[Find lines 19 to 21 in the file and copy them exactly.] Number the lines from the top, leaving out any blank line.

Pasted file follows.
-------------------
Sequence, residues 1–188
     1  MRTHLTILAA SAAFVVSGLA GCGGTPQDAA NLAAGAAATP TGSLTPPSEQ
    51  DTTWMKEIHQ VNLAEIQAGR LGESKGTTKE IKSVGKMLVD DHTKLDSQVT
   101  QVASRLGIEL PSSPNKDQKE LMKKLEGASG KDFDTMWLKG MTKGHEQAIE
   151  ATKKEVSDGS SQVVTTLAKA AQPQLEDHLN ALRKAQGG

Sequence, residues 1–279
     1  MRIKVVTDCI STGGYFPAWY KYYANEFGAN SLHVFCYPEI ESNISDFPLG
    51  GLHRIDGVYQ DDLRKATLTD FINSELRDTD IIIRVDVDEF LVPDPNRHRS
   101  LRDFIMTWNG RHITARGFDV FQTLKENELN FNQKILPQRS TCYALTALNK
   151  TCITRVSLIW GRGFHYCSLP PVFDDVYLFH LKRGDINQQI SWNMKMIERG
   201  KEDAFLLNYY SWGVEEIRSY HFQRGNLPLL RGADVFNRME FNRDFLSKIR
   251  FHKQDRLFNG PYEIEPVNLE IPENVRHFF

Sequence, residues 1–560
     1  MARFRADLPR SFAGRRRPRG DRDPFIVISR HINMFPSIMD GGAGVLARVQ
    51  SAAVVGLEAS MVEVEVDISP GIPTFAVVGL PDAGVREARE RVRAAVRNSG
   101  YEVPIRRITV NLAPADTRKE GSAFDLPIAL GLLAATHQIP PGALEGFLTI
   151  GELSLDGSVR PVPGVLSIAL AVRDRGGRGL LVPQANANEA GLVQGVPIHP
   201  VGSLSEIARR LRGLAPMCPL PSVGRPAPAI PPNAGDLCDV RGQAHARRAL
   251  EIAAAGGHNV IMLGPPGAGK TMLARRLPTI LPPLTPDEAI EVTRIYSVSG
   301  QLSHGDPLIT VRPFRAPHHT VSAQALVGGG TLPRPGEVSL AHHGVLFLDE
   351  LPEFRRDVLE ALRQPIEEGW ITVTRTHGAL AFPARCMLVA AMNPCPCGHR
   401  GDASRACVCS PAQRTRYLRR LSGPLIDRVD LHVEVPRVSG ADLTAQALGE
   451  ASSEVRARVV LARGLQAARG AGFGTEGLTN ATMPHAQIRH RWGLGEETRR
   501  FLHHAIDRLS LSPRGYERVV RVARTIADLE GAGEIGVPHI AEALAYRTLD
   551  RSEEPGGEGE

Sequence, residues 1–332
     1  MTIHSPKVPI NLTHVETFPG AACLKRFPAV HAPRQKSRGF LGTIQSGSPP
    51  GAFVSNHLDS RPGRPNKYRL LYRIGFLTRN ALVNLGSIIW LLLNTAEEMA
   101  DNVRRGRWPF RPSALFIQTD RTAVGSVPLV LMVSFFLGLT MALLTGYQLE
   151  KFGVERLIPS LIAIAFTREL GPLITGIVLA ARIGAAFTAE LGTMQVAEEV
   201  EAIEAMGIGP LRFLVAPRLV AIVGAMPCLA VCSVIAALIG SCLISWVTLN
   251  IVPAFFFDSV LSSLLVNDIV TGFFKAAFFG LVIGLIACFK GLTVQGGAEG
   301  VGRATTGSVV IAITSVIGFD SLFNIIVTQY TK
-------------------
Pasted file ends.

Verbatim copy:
   251  EIAAAGGHNV IMLGPPGAGK TMLARRLPTI LPPLTPDEAI EVTRIYSVSG
   301  QLSHGDPLIT VRPFRAPHHT VSAQALVGGG TLPRPGEVSL AHHGVLFLDE
   351  LPEFRRDVLE ALRQPIEEGW ITVTRTHGAL AFPARCMLVA AMNPCPCGHR